It's a culmination of months or weeks or years of battle scars, but the episodes usually last just a day for me (I am a lucky one, or, maybe I am just more equipped than many others, thankfully). Coming out of this one, I am alive (and thank you, thank you), and I feel like the soil of my soul has been tilled and ready for good seeds to be planted. I do not want to romanticize depression; nevertheless, I wouldn't be honest if I didn't say that I feel like when it serves its purpose, it can help you to form yourself into a more evolved person. It whacks at the dry dirt of your soul and leaves behind moistly tilled, garden-ready soil. There is a new depth, a new understanding, a renewed calm. Personally, I even go so far as to say that when I'm entering a suicidal depressive state, it is because I am just about to disrupt my state of existence with a new paradigm, I am about to tear through the fabric of spacetime and become something so much better than I ever was before; the depressive episode is a chemical result of that upcoming disruption that, on a quantum level, sends ripples all throughout the quantum plain of my existence. I really believe this. You don't have to, but I do.


     You can get so closed down inside of yourself, while fighting your inner world wars, that you get cut off! You can't feel, you can't touch... it's like your sense for life energy just shuts down. The movement of warm blood through your veins just freezes in the pangs of your struggles to grasp for, and hold onto, your right to exist. And what do these struggles look like? It looks like swearing (I keep myself alive and well through swearing), it looks like sarcasm, it looks like hitting the gym seven times a week to numb out the silence in your head (or the noise in your mind). It looks like hooking up for comfort, it looks like bursts of anger, it looks like begging to be taken seriously, to be given affection, to be seen, heard, loved. It looks like so many things for so many different people. But we all are asking for the same thing: we are all asking that you please stop and be still for once and stop trying to protect yourself, for once, for just as long a time it would take for you to recognize what's going on, and say, "Hey, do you want to sit with me right now?" Or, "I got nothing to do, wanna go for a walk?"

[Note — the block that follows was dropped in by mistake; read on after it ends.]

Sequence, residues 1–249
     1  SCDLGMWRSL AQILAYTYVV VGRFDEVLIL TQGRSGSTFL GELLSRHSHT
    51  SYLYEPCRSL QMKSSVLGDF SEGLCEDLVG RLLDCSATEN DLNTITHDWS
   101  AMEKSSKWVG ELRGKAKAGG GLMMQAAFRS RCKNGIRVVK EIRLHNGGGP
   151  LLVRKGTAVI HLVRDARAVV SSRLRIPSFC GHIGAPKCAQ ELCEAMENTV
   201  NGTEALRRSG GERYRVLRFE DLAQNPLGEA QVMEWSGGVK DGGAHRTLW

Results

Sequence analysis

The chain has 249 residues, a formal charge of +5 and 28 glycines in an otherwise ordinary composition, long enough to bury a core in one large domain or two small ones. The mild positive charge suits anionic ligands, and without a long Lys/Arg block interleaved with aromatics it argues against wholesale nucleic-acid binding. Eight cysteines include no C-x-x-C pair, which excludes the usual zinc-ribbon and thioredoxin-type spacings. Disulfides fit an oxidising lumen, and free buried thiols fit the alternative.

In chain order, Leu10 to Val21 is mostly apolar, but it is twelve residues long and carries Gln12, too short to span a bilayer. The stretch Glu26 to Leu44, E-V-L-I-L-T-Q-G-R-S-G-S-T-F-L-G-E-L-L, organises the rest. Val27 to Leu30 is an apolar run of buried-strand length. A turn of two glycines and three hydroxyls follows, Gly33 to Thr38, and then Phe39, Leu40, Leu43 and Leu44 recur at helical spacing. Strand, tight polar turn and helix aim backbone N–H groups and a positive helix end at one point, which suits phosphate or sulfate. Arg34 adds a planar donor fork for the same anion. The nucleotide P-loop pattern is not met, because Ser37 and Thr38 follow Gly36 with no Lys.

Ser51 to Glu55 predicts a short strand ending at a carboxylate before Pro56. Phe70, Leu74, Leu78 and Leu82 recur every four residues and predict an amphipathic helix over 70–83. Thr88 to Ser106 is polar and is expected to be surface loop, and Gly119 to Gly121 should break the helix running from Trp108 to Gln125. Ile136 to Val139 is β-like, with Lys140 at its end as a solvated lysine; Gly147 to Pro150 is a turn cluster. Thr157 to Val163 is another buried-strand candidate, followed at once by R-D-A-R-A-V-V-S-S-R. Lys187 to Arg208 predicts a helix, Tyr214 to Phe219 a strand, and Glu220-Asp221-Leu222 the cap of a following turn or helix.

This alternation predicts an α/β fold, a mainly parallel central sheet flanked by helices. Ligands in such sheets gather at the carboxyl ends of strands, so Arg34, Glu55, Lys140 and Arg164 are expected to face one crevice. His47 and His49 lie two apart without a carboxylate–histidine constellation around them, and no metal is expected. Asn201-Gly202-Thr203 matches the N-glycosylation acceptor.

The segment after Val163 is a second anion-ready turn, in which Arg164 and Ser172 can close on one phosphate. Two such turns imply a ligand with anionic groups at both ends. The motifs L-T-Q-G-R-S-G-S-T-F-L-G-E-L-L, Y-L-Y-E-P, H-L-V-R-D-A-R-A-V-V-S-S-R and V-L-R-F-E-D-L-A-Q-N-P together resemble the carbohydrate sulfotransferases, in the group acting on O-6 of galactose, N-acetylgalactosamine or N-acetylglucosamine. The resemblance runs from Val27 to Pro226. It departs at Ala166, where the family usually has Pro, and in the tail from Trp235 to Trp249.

But you can become so frozen from your struggles and your fights, that the suicidal depressive episode acts as a restart button, giving you a newborn chance at life (if you make it to the other side, of course). It's kinda like how the Earth has reset herself so many times before in the history of our planet, which was always "the end of the world" but simultaneously was "the beginning of a new one".


     A suicidal depressive mode is like your continents shifting poles and moving all around and the inner planet that is you just crumbles, rearranges, nothing is held together! Your mind is all over the place! But if you make it to the other side (please do), you'll have a new world with new air and a new sky and new trees and mountains and flowers. I can't promise this, but, this is what happens to me. Maybe it's what happens to you, too, if you just stop to take notice of it.
     Please don't try to remind a suicidal person of all the great things he/she has got going for them. We already know the amazing, fantastic things we've got going on in our lives. But that's the very same thing as saying to a not-so-fabulous individual: "You shouldn't be happy right now because you don't have a job, you're ugly, you're unhealthy, and you basically don't have anything going for you. Why are you still smiling?" Depression does not come about as a result of the lack of awareness of good things going on. Or good things happening. That's why Kate Spade killed herself. That's why Anthony Bourdain killed himself. These people knew what they had going for them; they didn't think they were losers. Knowing good things about yourself doesn't fix yourself on the inside.
     I want you to know that you can talk to me, because I understand. I want psychotherapists and healers to take note of this (everything I have written here), because I believe it will prove very helpful. I want to thank you all, for writing love letters to me over the years, because those are the words that knock at the walls of my mind when I cannot even hear the sound of my own existence, and they remind me (you remind me) that maybe I should stick around. I have so much love in my heart for all of you, thank you.

3 comments:

  1. tldr. Did scan through. I do not believe in depression as a biological disease. I believe in matters of the SOUL, matters of the condition the world is in (perilous) and I believe in something called THE SPIRIT.

    I'm constantly suicidal. It has ZILCH to do with brains or chemicals. It has everything to do with adversity and oppression and many more factors.

    Do you care about me? You can't because you don't know me. And you wouldn't if you did. Why wouldn't you care about me? Because I'm made of those garbage things nobody wants and certainly wouldn't love.

    I need to be at a distance far away from where I am. I need to be THERE and not here. I need it to happen instantly because I'm too heavy to manually move my body myself. A helicopter would be nice.

    Yes, that's exactly it. A helicopter rescue and transport.

    Like as if I've been in a car crash and I'm in extremely severe critical condition.

    Hey, suicide is a lot of things. Sometimes, it's M E R C Y

    Sometimes it's L I B E R A T I O N

    Sometimes it's S E T. M E. F R E E.

    Because the burdens and the afflictions and the sufferings are all too much for far too long and exceedingly too insanely severe AND WHY DOESN'T ANYONE GET DOWN ON THEIR KNEES TO GIVE UP THEIR LIFE TO SERVE ME?

    I need an army of people to lift up this weight, carry and carry out the case...

    The greatest case for HEY! YO!

    For THE JUSTICE I NEED.

    Make sense?

    ReplyDelete
  2. Thankyou so much xx I found your poems years ago and they helped me not feel alone in my battle.
    I agree with a lot of what you say. Sometimes after the wreckage of a suicidal bout I feel like I had a reboot of sorts..like I survived a war

    ReplyDelete